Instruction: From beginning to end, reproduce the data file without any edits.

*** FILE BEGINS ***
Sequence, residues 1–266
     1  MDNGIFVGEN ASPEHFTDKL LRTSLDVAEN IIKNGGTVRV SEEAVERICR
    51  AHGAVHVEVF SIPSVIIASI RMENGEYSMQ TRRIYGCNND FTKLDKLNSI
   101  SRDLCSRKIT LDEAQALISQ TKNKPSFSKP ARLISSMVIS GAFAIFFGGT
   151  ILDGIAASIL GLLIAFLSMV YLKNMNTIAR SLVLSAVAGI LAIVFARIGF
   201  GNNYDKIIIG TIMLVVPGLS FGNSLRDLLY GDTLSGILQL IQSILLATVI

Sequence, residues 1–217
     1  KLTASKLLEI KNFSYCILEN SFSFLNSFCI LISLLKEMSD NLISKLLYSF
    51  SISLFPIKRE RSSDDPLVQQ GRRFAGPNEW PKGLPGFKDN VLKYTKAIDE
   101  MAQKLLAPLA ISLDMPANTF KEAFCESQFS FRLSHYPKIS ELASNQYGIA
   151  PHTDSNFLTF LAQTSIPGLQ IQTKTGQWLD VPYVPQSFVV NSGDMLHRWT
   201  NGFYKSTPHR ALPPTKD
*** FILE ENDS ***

Sequence, residues 1–266
     1  MDNGIFVGEN ASPEHFTDKL LRTSLDVAEN IIKNGGTVRV SEEAVERICR
    51  AHGAVHVEVF SIPSVIIASI RMENGEYSMQ TRRIYGCNND FTKLDKLNSI
   101  SRDLCSRKIT LDEAQALISQ TKNKPSFSKP ARLISSMVIS GAFAIFFGGT
   151  ILDGIAASIL GLLIAFLSMV YLKNMNTIAR SLVLSAVAGI LAIVFARIGF
   201  GNNYDKIIIG TIMLVVPGLS FGNSLRDLLY GDTLSGILQL IQSILLATVI

Sequence, residues 1–217
     1  KLTASKLLEI KNFSYCILEN SFSFLNSFCI LISLLKEMSD NLISKLLYSF
    51  SISLFPIKRE RSSDDPLVQQ GRRFAGPNEW PKGLPGFKDN VLKYTKAIDE
   101  MAQKLLAPLA ISLDMPANTF KEAFCESQFS FRLSHYPKIS ELASNQYGIA
   151  PHTDSNFLTF LAQTSIPGLQ IQTKTGQWLD VPYVPQSFVV NSGDMLHRWT
   201  NGFYKSTPHR ALPPTKD